Obituary, James Eric Sundberg, 56

James Eric Sundberg, 56, died at home May 18, 2013

in Manson, Washington, after a yearlong battle with mesothelioma, a rare, incurable cancer caused by asbestos exposure.

He was born January 18, 1957 in Juneau, Alaska. His parents were Odd B. and Mary J. Sundberg. He graduated from Juneau-Douglas High School in 1975. Summers during his high school years he worked at his Uncle Harry’s fish cannery in Wrangell, Alaska. In 1977, Jim was accepted into the Alaska Carpenter’s Union 2247 Apprenticeship Program and achieved Journeyman status in 1983. During his carpentry career Jim remodeled dozens of commercial buildings in Juneau’s downtown historic district, as well as worked on remodels of many government buildings. Early in his career he also crewed as a deckhand commercial fishing for halibut and king crab.

In 1986 Jim married Cindy Jean Barkley, and in 1996 their daughter Jensina Larue was born. In 2005, the family relocated to Manson, Washington where Jim co-owned Local Myth Pizza in Chelan. He subsequently dropped his ownership role but continued on as a worker and remodeler. He joined the Manson Kiwanis Club and was an active volunteer on community projects. 

In May 2012, Jim was diagnosed with mesothelioma, most likely due to his career remodeling old buildings.  Over the next year, Jim endured multiple chemotherapies, surgery and a clinical trial in an attempt to extend his life, but medical efforts were unsuccessful against the disease.

He is survived by his wife Cindy Sundberg and daughter Jenny in Manson, mother Mary Moore and brother Van Sundberg (Tracey Miller) in Juneau, and sister Nomi Sundberg (Tom Traibush) and nephews Dan and Alex Westcott in Bellingham, and uncle Harry Sundberg (Rose) in Wrangell. He was preceded in death by his father Odd.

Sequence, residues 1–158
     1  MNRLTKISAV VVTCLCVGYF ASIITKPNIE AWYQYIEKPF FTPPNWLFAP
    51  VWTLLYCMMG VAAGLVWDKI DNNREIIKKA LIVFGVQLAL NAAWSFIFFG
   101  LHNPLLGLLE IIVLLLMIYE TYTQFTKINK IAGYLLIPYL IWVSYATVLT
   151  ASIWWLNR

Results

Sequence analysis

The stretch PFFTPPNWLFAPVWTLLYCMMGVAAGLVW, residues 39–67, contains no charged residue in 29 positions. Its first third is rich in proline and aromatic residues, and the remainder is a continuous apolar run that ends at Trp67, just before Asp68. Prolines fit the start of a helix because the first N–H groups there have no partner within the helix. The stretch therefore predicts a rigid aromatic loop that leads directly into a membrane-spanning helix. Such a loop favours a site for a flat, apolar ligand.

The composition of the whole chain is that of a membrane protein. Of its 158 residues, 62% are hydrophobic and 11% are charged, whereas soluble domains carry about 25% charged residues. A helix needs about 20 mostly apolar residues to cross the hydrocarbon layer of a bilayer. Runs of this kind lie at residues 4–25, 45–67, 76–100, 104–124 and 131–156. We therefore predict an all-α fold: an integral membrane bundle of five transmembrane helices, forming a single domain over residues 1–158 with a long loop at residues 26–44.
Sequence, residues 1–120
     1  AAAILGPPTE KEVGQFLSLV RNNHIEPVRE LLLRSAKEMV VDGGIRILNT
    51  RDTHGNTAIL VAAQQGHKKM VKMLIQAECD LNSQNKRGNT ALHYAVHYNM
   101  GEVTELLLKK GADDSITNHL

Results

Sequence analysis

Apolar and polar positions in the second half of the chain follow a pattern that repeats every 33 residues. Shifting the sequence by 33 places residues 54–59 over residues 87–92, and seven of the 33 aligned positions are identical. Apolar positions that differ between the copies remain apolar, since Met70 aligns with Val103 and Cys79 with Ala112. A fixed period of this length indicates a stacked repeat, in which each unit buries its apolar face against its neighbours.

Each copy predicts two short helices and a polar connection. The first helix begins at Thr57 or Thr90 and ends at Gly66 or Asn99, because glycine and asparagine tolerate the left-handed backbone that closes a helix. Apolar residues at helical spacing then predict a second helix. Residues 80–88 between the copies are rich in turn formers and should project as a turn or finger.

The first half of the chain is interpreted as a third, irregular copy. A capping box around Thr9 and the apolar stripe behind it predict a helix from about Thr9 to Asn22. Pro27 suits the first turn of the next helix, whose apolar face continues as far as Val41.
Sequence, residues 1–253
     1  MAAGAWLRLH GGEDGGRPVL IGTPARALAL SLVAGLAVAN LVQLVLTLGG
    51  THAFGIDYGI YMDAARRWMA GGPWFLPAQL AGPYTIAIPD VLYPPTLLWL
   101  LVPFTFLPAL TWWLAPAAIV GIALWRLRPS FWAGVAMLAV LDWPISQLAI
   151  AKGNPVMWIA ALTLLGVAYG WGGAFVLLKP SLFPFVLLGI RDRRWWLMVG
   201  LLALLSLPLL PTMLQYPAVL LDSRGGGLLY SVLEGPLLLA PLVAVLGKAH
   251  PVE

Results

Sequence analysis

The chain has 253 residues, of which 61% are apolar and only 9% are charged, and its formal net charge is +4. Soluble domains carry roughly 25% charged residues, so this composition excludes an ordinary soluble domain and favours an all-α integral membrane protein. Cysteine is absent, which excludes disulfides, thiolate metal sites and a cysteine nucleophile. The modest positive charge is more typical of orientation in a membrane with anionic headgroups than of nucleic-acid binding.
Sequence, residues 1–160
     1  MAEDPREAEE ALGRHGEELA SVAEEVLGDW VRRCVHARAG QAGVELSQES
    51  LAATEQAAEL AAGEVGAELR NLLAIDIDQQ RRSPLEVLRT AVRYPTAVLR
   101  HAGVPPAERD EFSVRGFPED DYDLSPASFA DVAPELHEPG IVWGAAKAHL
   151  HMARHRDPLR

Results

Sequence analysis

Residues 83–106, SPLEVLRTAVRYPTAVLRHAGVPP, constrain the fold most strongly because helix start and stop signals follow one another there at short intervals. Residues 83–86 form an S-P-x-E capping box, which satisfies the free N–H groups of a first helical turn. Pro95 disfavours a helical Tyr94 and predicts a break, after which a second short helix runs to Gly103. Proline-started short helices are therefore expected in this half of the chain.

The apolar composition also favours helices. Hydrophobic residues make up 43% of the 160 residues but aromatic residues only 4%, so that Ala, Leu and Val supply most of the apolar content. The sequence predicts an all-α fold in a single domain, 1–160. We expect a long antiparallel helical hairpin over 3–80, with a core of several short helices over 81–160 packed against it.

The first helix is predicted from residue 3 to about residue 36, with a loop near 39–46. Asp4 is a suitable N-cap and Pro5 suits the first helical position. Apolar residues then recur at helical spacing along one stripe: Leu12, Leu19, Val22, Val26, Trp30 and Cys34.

Jim will be remembered for his deep relationships; strong convictions; insatiable curiosity; courage; determination to overcome obstacles and solve problems; and for the love and respect he earned from those whose lives he touched. He was a devoted husband and father. He had a great sense of humor. He was famously frugal but not parsimonious- he made a game of thrift. Within the carpentry profession, he was respected by his peers as a perfectionist, competent in all aspects of his trade. Jim relished his Stikine River hunting and Wrangell fishing adventures and was the guy every outdoorsman wants to have along, especially in an emergency.  He had great respect for the knowledge and wisdom of elders. Jim realized nothing is more important than family, friends and love, and spoke of this often as his health declined.  Some of his last words were what a lucky man he was in his family and friendships.

A memorial service was held May 26th at the Manson Methodist Church. A celebration of Jim’s life will be scheduled for a later date in Juneau. In lieu of flowers, Jim suggested that donations be made to the Meso Foundation ( or by mail to The Meso Foundation, 1317 King Street Alexandria, VA 22314. Alternately, donations could be made to the Manson Kiwanis Club at PO Box 827 Manson, WA 99801.


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